About the book, Mademoiselle Chanel
- Hardcover: 416 pages
- Publisher: William Morrow (March 17, 2015)
She revolutionized fashion and built an international empire . . . all on her own terms.
Born into rural poverty, Gabrielle Chanel and her sisters are sent to a convent orphanage after their mother’s death. The nuns of the order nurture Gabrielle’s exceptional sewing skills, a talent that would propel the willful young woman into a life far removed from the drudgery of her childhood.
Burning with ambition, the petite brunette transforms herself into Coco, by day a hard-working seamstress and by night a singer in a nightclub, where her incandescence draws in a wealthy gentleman who becomes the love of her life. She immerses herself in his world of money and luxury, discovering a freedom that sparks her creativity. But it is only when her lover takes her to Paris that Coco discovers her destiny.
Rejecting the frilly, corseted silhouette of the past, Coco’s sleek, minimalist styles reflect the youthful ease and confidence of the 1920s modern woman. As her reputation spreads, her couture business explodes, taking her into rarefied circles of society and bohemian salons. But her fame and fortune cannot save her from heartbreak as the years pass. And when Paris falls to the Nazis, Coco is forced to make choices that will haunt her always.
An enthralling novel about an entirely self-made woman, Mademoiselle Chanel tells the true story of Coco Chanel’s extraordinary ambition, passion, and artistic vision.
Read an excerpt of Mademoiselle Chanel.
Buy, read, and discuss Mademoiselle Chanel
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About the author, C. W. Gortner
A former fashion executive, C. W. Gortner is a lifelong admirer of Coco Chanel. His passion for writing led him to give up fashion, and his many historical novels have been bestsellers, published in more than twenty countries. He lives in San Francisco.
Connect with C.W.
I don’t think there’s a person in the world who hasn’t at least heard the name “Coco Chanel,” but I’m guessing most people don’t know much about her life. My mother went to fashion design school (FIT) on a Regent’s scholarship, so even though I don’t sew, I know all the icons of fashion, and understand the importance of Chanel to fashion in general and women’s fashion, specifically, and so it was with my mother in mind that I asked to review this novel.
I ended up not merely reading it, but devouring it. It’s a fantastic look at the life of one of the best-known names in contemporary history, and while it is technically fiction, I’m certain that the author C.W. Gortner has done a huge amount of research, because it all feels very real.
From a childhood in abject poverty to an adolescence in a convent, from singing in cafes to becoming someone’s mistress as a means of escaping her small-town life, Coco is a poster-girl for the concept of choice. Some of her choices are high percentage choices, some not so much, but her strong personality and desire not to be indebted people combine to make her, as depicted, a fierce, strong woman, and definitely a proto-feminist (whether or not she ever accepted the label.)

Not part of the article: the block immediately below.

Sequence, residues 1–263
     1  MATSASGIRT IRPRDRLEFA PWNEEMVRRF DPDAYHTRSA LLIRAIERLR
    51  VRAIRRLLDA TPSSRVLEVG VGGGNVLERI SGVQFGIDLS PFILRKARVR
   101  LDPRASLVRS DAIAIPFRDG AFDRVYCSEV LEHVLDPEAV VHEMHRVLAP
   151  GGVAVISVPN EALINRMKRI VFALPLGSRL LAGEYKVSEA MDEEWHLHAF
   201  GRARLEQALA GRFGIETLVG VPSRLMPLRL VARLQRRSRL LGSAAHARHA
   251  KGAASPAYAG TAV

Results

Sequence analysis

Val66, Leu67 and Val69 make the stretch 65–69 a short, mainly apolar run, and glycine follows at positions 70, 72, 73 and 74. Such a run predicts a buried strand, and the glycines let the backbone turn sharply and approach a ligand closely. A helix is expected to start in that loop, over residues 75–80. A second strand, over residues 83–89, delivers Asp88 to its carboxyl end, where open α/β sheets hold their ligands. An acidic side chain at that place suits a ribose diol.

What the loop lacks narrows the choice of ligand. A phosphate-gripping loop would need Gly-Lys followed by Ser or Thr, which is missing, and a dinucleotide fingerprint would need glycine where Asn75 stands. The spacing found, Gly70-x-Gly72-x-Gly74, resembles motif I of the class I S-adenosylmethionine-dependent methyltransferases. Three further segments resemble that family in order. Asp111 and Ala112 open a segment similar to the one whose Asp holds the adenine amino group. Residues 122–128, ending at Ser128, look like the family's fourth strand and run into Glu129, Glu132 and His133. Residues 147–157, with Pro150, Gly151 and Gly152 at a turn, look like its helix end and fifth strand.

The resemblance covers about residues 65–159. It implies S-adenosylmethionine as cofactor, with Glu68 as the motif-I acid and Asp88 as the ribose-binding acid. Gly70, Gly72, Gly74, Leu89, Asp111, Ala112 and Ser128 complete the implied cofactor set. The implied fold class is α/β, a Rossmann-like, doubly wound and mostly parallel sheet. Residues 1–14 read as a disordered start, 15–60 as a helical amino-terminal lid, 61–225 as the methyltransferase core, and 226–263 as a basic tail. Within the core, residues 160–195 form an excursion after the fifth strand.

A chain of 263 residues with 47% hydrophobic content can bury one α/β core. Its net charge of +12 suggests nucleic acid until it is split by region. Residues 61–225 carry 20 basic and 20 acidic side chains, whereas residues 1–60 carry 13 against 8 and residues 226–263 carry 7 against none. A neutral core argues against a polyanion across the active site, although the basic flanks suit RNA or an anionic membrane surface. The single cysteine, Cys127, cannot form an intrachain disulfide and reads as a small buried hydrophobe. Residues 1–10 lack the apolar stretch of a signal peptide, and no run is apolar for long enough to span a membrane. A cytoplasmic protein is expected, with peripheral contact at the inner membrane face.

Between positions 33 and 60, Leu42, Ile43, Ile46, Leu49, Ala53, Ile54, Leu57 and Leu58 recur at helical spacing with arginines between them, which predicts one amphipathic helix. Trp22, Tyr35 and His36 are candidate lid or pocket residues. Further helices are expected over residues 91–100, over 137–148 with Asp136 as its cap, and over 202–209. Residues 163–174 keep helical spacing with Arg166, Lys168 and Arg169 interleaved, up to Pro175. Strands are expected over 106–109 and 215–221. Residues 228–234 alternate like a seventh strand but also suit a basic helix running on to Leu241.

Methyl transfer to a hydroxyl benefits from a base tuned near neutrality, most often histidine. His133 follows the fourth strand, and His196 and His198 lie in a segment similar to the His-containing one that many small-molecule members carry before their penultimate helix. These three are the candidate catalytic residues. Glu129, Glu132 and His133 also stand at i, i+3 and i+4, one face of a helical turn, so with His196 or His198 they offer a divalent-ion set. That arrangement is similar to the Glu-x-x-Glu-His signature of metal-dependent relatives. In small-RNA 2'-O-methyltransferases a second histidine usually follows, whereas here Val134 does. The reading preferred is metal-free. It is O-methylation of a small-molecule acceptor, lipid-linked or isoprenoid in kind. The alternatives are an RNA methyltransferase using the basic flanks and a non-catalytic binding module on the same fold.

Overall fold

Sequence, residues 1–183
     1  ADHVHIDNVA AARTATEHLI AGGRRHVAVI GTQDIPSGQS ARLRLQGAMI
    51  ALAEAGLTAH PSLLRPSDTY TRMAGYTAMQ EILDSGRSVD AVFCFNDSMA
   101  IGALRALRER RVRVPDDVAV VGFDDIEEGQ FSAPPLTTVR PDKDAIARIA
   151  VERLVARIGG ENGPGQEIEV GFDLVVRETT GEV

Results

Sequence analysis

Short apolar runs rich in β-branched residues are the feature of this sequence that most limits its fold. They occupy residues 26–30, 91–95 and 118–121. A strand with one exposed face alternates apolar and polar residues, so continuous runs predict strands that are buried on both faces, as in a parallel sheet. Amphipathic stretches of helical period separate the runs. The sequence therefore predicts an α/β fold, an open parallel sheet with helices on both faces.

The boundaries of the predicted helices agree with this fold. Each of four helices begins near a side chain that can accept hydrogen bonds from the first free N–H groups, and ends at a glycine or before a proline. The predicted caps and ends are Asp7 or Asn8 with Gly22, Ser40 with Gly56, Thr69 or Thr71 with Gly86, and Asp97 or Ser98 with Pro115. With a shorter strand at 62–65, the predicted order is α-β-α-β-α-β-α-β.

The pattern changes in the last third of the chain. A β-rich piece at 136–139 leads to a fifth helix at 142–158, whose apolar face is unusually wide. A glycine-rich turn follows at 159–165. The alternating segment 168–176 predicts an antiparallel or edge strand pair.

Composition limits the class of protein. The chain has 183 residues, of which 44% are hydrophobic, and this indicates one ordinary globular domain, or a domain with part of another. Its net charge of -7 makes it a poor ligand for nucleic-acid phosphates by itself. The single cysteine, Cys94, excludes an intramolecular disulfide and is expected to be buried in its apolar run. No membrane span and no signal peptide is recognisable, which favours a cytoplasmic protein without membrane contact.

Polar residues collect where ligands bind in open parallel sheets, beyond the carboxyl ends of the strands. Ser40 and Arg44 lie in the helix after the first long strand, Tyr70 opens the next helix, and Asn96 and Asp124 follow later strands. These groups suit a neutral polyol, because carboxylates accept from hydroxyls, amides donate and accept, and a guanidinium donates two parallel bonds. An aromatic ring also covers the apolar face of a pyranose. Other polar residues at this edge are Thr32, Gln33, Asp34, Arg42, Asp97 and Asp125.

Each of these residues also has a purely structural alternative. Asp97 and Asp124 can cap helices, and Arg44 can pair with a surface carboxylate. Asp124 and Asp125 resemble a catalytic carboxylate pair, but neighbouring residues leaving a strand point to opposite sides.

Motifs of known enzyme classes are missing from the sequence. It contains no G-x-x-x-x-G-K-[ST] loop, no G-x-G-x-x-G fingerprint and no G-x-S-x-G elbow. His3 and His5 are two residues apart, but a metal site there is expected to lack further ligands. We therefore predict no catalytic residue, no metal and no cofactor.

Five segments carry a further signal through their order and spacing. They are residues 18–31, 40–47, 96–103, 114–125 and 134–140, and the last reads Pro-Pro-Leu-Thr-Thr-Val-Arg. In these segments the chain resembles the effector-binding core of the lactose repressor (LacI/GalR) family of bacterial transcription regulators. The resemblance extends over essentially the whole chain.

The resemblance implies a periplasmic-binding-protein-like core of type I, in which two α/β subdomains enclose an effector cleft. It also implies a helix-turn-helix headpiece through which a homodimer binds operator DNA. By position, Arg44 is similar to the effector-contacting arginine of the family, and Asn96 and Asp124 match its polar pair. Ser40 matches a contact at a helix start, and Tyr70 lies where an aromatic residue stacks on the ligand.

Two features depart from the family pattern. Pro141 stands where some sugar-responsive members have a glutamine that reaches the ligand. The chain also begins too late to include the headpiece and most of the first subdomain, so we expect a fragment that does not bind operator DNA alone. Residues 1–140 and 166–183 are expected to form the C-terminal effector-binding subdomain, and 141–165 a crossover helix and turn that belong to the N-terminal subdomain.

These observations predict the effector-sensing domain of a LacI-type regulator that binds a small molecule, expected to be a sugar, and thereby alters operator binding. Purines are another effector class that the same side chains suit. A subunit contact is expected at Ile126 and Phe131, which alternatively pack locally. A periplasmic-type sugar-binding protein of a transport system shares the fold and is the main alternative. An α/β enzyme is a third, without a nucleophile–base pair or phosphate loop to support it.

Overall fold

C.W. Gortner has given us Coco’s story in first person, and until I put together my review, I didn’t realize he was a man. I mean this as a compliment. Ususally when male authors write from a female POV there’s something a little ‘off’ about it. In this case, there was not. He writes a female viewpoint as deftly as Arthur Golden did in Memoirs of a Geisha, which was another novel about a strong woman making her own choices.
While I enjoyed all of the detail in this novel, I particularly loved Coco’s discovery of Jersey knits. (My mother would be able to rattle off fifty-three things you can do with Jersey, I’m sure.) That moment was really one of the ‘lightbulb’ moments in Gortner’s novel, whether he meant it to be or not, and I thought it was perfect.
Whenever you fictionalize the life of a real person you have to balance truth with facts (no, they’re not always the same). I can’t speak to whether or not Gortner got every fact correct, but I know that Mademoiselle Chanel has given us the truth of Coco Chanel’s life, and I can’t recommend this book highly enough.
Goes well with Cappuccino, chocolate croissants, and, for those who smoke, a Gauloise cigarette.
C. W.’s Tour Stops
Tuesday, March 17th: A Bookish Way of Life
Wednesday, March 18th: Books Without Any Pictures
Thursday, March 19th: A Chick Who Reads
Friday, March 20th: Kritters Ramblings
Monday, March 23rd: West Metro Mommy
Tuesday, March 24th: Walking With Nora
Wednesday, March 25th: Bibliotica – That’s ME!
Thursday, March 26th: Read. Write. Repeat.
Monday, March 30th: Drey’s Library
Tuesday, March 31st: Unshelfish
Wednesday, April 1st: Bibliophilia, Please
Thursday, April 2nd: Mom’s Small Victories
Friday, April 3rd: Svetlana’s Reads and Views
I love learning about historical figures through novels like this – the facts aren’t always exact but the “feeling” generally is, and I appreciate learning that way.
Thanks for being a part of the tour!
Thank you so much for hosting me and for your insightful review. I’m truly honored by your praise and thrilled to be here.